# Find Frequency and Amplitude from Max Velocity and Accn

• rocapp
In summary, the conversation involved solving for the amplitude and angular frequency in a physics problem. The formula Vmax=Aω was used and the solution involved finding the magnitude of A and using it to solve for ω. The final answer for the amplitude was 0.0055m.
rocapp

## Homework Statement

See attached screenshot

Vmax=Aω
ay=-ω2A

## The Attempt at a Solution

The given max velocity is 1.2 m/s, so

1.2 = ωA

Ay = -ω^2A

1.2/A = -√260/A
A = 0.005

#### Attachments

• Screen shot 2013-01-25 at 2.27.03 PM.png
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rocapp said:
1.2/A = -√260/A
Parentheses would help, and don't worry about the sign because you only want the magnitude.
A = 0.005
A little inaccurate. How many significant figures do you think you should provide?
This is just part B. Any problem with part A?

I tried 0.006, but it didn't work either. I am not sure what to do for part A at all.

rocapp said:
I tried 0.006, but it didn't work either.
You didn't answer my other question: how many significant figure do you think you should give in the answer? Why are you only giving one?
I am not sure what to do for part A at all.
You already have an equation you can solve for ω.

There should be two significant figures, but my homework doesn't mind a little inaccuracy. I'm still having difficulty with part A.

Since

A = (ω)/(vmax)

and

A = (amax)/(ω2)

then

ω/vmax = amax/(ω2)

Plug in knowns:

260/(ω^2) = ω/1.2
ω3 = 312
ω = 6.78
ω = 2πf
f = 1.08

This is not correct, though. And I do not know why.

rocapp said:
There should be two significant figures, but my homework doesn't mind a little inaccuracy. I'm still having difficulty with part A.
OK, but I think it's worth trying 0.0055
Since A = (ω)/(vmax)
No - try that one again. (What dimension would frequency/speed have?)

0.0055 was incorrect.

frequency/speed would be m/sec^2... OH!

So A = (vmax)/ω, correct?

rocapp said:
0.0055 was incorrect.

frequency/speed would be m/sec^2... OH!

So A = (vmax)/ω, correct?

Yes.

I'm still getting 0.0055 for amplitude. Any ideas?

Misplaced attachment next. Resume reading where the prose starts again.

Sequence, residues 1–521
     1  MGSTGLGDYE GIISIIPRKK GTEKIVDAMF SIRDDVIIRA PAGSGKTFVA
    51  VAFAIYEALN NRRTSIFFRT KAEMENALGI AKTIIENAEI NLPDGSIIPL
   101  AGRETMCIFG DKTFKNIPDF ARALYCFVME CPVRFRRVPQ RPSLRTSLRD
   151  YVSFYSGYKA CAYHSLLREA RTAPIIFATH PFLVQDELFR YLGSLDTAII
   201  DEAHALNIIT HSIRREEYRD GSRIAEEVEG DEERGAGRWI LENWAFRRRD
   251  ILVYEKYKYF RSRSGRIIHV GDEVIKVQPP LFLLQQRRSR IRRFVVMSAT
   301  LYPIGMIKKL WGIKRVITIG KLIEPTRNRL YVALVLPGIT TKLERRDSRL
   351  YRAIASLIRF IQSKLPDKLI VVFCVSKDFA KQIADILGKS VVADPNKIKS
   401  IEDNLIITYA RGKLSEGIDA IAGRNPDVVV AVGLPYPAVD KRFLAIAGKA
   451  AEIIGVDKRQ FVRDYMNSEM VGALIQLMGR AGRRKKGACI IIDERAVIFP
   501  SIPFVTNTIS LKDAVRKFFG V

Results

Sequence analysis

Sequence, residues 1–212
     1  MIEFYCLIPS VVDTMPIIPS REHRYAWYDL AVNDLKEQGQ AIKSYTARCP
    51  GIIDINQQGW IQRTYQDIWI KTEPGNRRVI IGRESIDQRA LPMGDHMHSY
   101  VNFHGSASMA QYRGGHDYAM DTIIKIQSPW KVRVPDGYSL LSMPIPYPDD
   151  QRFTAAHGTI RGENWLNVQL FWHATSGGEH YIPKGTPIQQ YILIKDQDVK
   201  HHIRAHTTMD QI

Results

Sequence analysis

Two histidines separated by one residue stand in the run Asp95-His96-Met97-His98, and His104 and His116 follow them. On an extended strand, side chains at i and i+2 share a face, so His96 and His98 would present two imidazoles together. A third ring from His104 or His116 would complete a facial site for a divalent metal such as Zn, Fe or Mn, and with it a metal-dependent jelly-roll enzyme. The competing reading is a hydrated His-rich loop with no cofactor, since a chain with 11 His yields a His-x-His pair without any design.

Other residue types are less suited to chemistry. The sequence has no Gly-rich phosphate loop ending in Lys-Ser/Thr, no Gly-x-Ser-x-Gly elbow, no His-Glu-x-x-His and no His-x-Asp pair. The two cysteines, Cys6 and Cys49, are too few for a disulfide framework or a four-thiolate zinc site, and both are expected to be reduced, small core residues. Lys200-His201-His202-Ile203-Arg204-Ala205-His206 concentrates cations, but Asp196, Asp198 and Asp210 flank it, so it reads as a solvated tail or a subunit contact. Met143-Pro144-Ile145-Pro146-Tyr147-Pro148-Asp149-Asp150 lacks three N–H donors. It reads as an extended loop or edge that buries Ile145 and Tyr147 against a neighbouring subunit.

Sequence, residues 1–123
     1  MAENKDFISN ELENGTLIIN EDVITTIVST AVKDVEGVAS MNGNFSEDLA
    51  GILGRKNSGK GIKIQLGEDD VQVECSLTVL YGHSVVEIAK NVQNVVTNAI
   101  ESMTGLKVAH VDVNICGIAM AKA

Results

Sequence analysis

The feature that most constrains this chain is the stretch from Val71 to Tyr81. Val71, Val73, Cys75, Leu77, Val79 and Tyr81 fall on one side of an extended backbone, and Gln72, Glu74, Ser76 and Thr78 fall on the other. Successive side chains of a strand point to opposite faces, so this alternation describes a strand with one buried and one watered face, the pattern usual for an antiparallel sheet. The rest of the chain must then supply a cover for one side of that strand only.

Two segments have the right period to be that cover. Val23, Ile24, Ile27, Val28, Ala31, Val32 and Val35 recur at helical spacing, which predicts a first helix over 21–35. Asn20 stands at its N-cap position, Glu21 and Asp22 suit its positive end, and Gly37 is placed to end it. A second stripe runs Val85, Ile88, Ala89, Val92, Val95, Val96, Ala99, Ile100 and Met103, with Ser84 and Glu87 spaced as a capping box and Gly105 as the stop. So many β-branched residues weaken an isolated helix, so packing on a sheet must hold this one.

0.0055m looks right to me.

Well the homework software is counting it wrong. Thanks for the help!

## 1. What is frequency and amplitude?

Frequency refers to the number of complete oscillations or cycles that occur in a given amount of time. It is typically measured in Hertz (Hz). Amplitude, on the other hand, is the maximum displacement of a wave from its equilibrium position. It is measured in meters (m).

## 2. How do you find frequency and amplitude from maximum velocity and acceleration?

To find frequency, we use the formula f = v/λ, where v is the maximum velocity and λ is the wavelength. To find amplitude, we use the formula A = v^2/a, where v is the maximum velocity and a is the acceleration. It is important to note that these formulas only apply to simple harmonic motion.

## 3. What is the relationship between frequency, velocity, and acceleration?

The frequency of a wave is directly proportional to its velocity and inversely proportional to its acceleration. This means that as frequency increases, velocity increases, and acceleration decreases. Similarly, as frequency decreases, velocity decreases, and acceleration increases.

## 4. Can you find frequency and amplitude from any type of motion?

No, frequency and amplitude can only be determined for simple harmonic motion, where the restoring force is directly proportional to the displacement from equilibrium. Examples of simple harmonic motion include a mass on a spring or a pendulum swinging back and forth. For other types of motion, different methods must be used to calculate frequency and amplitude.

## 5. What are some real-world applications of finding frequency and amplitude?

Frequency and amplitude are important concepts in fields such as physics, engineering, and music. In physics and engineering, understanding these quantities is crucial for analyzing and designing systems that involve waves, such as sound waves or electromagnetic waves. In music, frequency and amplitude are used to describe the pitch and loudness of a sound, respectively.

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